A federal judge ruled Friday against the Standing Rock Sioux Tribe’s request for a preliminary injunction to halt construction on the Dakota Access crude-oil pipeline that the tribe says endangers sacred burial grounds and could threaten its water supply from Lake Oahe, a dammed section of the Missouri River.

But in a development that stunned even the tribe’s lawyers, the decision by District Judge James Boasberg was put on hold by a federal order to stop construction near the tribe’s reservation until the Army Corps of Engineers can revisit its previous decisions in the disputed portion.

“We appreciate the District Court’s opinion on the U.S. Army Corps of Engineers’ compliance with the National Historic Preservation Act. However, important issues raised by the Standing Rock Sioux Tribe and other tribal nations and their members regarding the Dakota Access pipeline specifically, and pipeline-related decision-making generally, remain,” read a joint statement issued by the Army, as well as the Justice and Interior departments.

The fight is being waged over the 1,172-mile Dakota Access pipeline that runs through North and South Dakota, Iowa and Illinois. Thousands of protesters – mostly Native Americans – have traveled to the Standing Rock reservation over the past few weeks to camp nearby and show solidarity with the tribe’s bid to halt the pipeline.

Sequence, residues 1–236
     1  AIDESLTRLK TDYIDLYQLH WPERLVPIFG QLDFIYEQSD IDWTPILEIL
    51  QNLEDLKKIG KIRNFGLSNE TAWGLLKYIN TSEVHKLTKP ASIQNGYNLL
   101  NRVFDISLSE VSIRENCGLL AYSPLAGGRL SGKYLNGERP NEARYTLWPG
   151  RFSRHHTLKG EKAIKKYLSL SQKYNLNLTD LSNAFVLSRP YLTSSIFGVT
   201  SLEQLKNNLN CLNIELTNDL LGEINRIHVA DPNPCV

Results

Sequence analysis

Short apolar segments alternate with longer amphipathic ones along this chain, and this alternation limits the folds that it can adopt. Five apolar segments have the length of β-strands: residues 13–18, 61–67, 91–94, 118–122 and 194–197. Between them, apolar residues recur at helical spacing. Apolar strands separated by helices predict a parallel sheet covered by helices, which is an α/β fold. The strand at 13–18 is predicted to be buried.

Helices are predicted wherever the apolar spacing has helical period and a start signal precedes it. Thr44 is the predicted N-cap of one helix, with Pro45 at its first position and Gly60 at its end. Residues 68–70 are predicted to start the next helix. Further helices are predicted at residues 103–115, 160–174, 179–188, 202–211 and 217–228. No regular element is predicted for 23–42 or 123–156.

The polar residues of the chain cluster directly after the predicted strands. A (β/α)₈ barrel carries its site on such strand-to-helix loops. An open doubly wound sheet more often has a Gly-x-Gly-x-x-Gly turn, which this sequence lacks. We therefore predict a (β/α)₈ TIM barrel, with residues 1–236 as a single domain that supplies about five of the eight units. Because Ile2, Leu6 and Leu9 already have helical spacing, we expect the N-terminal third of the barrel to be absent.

The standoff over the construction had grown tense in recent days.

After the tribe specified to the court which area it considered to be sacred and historic, Dakota Access workers began to plow under those areas. Tribe members tried to intercede. They were stopped by private security workers, some using guard dogs and pepper spray. The resulting photos showed snarling dogs lunging at protesters; a tribal spokesman said demonstrators were bitten, while the sheriff’s department said private security guards, as well as dogs, were also hurt.

For tribal leaders, the government’s announcement immediately following the court’s ruling against it was a huge victory.

“Our hearts are full; this an historic day for the Standing Rock Sioux Tribe and for tribes across the nation,” said Dave Archambault II, chairman of the Standing Rock Sioux Tribe.

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